Does your brand travel well?

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Does your brand travel well?

It’s not just language translation that matters in a foreign country.

There’s a lot of talk about localisation being the magic ingredient for international retail success, “essential” would no doubt be the cry from Best Buy, Walmart and Tesco (with woeful launches in the UK, Germany and China respectively).

Ebay, Google, Groupon, Mattel, McDonalds and Starbucks can hardly be classed as failed businesses, however they too have floundered dramatically in certain countries such as China, Australia and the Caribbean.

All simple cases of local consumer behaviours and cultural tastes being overlooked.

Size and scale can over time engender an all conquering self belief, when it comes to global expansion. Had they stopped their expansion juggernaut for a moment and looked local, Starbucks would have realised that the independent coffee shop is so intrinsic to the Australian cultural psyche, that any large chain would struggle.

When it comes to brands though, the story is very different. ‘Local’ is still the key, but in this instance, success lies in knowing that your brand translates to the local market. There are some UK brands we know well who now have strong appeal (and profits!) overseas.

With Ralph Lauren, Van Heusen and Brooks Brothers, who would have thought that Charles Tyrwhitt and Thomas Pink would have found a place in the US market amidst America’s dominate shirt brands.

Entering a market with well established leaders, may seem fool hardy to some, others however recognise an active target consumer. Add a nuance of USP and cache (British Heritage with echoes of English establishment tailoring – albeit from a 28 year old newcomer) and you have a ready made success. Of course we mustn’t make light of the founder’s vision, strong team and operational strengths – these clearly matter too! Starting life as a mail order company, then branching into ecommerce has undoubtedly helped test Tyrwhitt’s international potential beyond just expat purchases.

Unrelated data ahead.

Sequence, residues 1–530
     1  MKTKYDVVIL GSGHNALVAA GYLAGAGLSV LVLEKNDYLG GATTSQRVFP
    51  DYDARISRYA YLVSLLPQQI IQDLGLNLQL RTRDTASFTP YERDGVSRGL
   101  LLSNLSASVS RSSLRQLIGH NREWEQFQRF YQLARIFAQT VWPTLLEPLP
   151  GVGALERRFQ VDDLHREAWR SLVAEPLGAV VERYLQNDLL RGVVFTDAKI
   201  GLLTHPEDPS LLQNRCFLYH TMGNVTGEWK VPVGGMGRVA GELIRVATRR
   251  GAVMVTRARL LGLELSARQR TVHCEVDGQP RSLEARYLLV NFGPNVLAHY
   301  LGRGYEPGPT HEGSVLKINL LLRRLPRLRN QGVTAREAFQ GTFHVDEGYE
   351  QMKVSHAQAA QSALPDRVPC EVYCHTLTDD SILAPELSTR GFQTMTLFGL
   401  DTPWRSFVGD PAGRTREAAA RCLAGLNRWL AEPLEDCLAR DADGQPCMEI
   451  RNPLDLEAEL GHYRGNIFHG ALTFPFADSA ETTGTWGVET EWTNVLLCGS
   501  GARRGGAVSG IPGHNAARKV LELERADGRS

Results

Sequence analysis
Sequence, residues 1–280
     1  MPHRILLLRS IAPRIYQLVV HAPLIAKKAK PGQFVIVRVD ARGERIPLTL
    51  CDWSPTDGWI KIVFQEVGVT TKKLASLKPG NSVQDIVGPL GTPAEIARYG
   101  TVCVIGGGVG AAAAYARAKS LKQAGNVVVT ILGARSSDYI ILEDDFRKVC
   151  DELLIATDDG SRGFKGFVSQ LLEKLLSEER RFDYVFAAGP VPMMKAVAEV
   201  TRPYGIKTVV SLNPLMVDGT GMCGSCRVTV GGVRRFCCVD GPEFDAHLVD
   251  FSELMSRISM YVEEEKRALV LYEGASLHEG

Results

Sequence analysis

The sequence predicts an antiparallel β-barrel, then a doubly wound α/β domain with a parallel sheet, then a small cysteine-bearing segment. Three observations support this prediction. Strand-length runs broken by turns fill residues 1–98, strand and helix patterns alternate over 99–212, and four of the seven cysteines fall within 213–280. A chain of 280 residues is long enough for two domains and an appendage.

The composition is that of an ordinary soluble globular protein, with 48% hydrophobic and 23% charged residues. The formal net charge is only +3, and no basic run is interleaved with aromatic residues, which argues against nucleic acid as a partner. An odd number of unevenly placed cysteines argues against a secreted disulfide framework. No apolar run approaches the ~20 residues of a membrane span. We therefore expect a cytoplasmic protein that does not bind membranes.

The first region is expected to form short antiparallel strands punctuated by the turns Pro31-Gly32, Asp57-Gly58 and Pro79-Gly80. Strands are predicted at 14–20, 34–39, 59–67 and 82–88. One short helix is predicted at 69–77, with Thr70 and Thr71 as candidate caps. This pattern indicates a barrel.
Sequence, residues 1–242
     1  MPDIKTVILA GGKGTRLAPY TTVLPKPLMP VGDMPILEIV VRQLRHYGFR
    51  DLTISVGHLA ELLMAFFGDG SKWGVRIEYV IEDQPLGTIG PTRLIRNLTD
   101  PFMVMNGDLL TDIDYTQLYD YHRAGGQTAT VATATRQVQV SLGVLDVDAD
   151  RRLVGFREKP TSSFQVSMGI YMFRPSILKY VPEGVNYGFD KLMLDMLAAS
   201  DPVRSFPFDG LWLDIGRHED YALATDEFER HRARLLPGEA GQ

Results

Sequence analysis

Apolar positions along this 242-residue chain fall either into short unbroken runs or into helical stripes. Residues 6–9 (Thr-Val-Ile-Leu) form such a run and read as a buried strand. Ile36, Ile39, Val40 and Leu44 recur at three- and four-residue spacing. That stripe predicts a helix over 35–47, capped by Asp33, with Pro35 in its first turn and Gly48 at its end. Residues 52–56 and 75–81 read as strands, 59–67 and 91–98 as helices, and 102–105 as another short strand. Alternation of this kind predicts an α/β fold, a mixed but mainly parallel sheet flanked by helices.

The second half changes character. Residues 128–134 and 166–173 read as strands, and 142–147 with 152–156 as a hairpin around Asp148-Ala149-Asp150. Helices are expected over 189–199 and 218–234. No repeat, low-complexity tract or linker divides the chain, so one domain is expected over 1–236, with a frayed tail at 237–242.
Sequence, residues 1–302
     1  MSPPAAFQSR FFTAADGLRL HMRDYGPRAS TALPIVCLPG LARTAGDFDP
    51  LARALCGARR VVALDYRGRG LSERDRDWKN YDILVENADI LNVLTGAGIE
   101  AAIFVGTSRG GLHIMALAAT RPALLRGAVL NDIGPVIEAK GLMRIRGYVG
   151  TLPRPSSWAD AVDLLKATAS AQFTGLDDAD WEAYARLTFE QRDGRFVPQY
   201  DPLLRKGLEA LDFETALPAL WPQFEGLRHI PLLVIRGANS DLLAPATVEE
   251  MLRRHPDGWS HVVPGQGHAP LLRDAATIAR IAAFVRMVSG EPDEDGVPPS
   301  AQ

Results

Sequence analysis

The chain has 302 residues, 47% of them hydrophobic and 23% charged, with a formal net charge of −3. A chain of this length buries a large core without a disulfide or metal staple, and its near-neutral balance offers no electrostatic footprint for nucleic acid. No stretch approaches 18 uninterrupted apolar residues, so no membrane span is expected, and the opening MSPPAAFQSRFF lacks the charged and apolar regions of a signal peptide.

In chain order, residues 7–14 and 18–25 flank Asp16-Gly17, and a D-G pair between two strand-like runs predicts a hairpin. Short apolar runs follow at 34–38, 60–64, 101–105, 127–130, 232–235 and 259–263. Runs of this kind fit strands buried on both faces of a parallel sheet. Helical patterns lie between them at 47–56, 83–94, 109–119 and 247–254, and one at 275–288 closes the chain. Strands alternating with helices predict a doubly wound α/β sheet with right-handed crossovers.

Another similar aged business, perceived as a heritage, iconic English brand is Cath Kidston. Although there is no resemblance to local products in some of its high growth overseas markets, an eager existing consumer is present.

Laura Ashley in its heyday benefited from a strong trademark signature look that proved highly lucrative overseas, especially in Japan. Liberty, home of the iconic floral print and art fabrics still enjoys great success in Asia and Japan too. Therefore, by tapping into the region’s appetite for quintessentially British, slightly eccentric style, Cath Kidston’s sales have thrived. It’s perhaps no coincidence that their International Director, hired a couple of years ago, was based out of Hong Kong from day one.

Men’s formal shirts to eclectic, retro, English feminine homeware, what do they have in common?

  • For both the brand is not just a name, it’s a total holistic message about who they are and what their offer is.
  • Their brand message is simple and understandable.
  • Pricing and quality match perceptions and expectations.

But most importantly they identified target customers and markets waiting for them.  It may be time to review those online international enquiries?